House Concurrent Resolution No. 22




            Whereas, since January 1, 1993, the federal Professional and Amateur Sports Promotion Act (PASPA), 28 U.S.C. Section 3701 et seq., has prohibited states and local governments from authorizing sports wagering; and


            Whereas, PASPA grandfathered in four states - Delaware, Oregon, Montana, and Nevada - allowing those states to offer such wagering if it was limited to plans the states had operated between 1976 and 1990; and


            Whereas, under this grandfather provision, Nevada and Delaware are currently the only two states in which sports wagering is legally permitted, resulting in great direct and indirect revenues to Nevada's and Delaware's economies; and


            Whereas, according to the Nevada Gaming Control Board, a Super Bowl-record $94.5 million was legally wagered in Nevada on the 2006 Super Bowl, approximately $93 million was wagered on the 2007 Super Bowl, approximately $92.1 million was wagered on the 2008 Super Bowl and approximately $81.5 million was wagered on the 2009 Super Bowl; and


            Whereas, the record-setting 2006 Super Bowl weekend generated about $102.4 million in nongaming economic impact as the game attracted 285,000 visitors to Las Vegas; and


            Whereas, it is estimated that Nevada's legal sports wagering represents less than 1% of all sports wagering nationwide; and


            Whereas, in Delaware, while the United States Court of Appeals for the Third Circuit has issued an injunction banning point-spread bets on individual games in all major sports, the State of Delaware is allowed to offer parlay bets, which depend on the outcome of several matches, on National Football League games; and


            Whereas, in September 2009, Delaware took its first legal sports wagers in more than thirty years to coincide with the beginning of the National Football League regular season; and


            Whereas, according to the National Gambling Impact Study Commission, illegal sports wagering amounts to approximately $380 billion each year; and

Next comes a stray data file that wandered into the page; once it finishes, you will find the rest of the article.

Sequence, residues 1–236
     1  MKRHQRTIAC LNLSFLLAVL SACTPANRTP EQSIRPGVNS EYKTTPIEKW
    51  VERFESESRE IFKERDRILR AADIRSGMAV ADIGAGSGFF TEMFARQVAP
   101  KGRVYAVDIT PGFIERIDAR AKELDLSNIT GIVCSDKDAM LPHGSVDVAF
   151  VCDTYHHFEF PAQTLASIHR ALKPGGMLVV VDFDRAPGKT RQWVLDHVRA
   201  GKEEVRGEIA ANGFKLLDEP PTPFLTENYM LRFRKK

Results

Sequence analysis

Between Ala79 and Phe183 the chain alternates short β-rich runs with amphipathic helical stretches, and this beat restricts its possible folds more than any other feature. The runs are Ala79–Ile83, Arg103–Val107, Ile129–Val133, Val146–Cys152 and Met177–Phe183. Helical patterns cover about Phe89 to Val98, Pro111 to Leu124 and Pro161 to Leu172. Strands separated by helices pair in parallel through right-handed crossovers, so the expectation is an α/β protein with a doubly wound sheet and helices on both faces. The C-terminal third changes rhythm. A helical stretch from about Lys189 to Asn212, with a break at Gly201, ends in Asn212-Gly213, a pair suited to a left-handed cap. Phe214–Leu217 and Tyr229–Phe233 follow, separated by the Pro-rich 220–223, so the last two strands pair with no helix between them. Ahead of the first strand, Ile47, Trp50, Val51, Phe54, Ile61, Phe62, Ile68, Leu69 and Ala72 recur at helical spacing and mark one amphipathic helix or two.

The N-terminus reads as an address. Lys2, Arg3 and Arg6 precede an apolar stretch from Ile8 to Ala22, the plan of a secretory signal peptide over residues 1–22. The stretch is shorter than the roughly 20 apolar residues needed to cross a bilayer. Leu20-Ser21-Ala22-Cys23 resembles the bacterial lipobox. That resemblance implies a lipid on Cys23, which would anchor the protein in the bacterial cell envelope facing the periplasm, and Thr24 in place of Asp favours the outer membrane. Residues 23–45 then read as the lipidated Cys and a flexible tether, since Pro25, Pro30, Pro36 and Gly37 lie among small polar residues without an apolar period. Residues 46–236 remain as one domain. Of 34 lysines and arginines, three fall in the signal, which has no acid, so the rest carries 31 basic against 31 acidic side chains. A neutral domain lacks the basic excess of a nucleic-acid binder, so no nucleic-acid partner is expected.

Whereas, the federal sports wagering ban is not effective in curbing illegal sports gambling, so that lifting the ban on sports wagering would allow state gaming enforcement agencies to properly regulate and police this activity; and


            Whereas, the State of Missouri would benefit significantly from an end to the federal ban, as sports wagering in this state would be subject to the existing gambling taxes in Missouri, thereby generating more income for the State of Missouri; and


             Whereas, the legalization of sports wagering would enhance Missouri as a gaming and tourism destination:


            Now, therefore, be it resolved that the members of the House of Representatives of the Ninety-fifth General Assembly, Second Regular Session, the Senate concurring therein, hereby urge the United States Congress to remove the federal ban on sports wagering; and


            Be it further resolved that the Chief Clerk of the Missouri House of Representatives be instructed to prepare properly inscribed copies of this resolution for the Majority and Minority Leaders of the United States Congress and to each member of the Missouri Congressional delegation.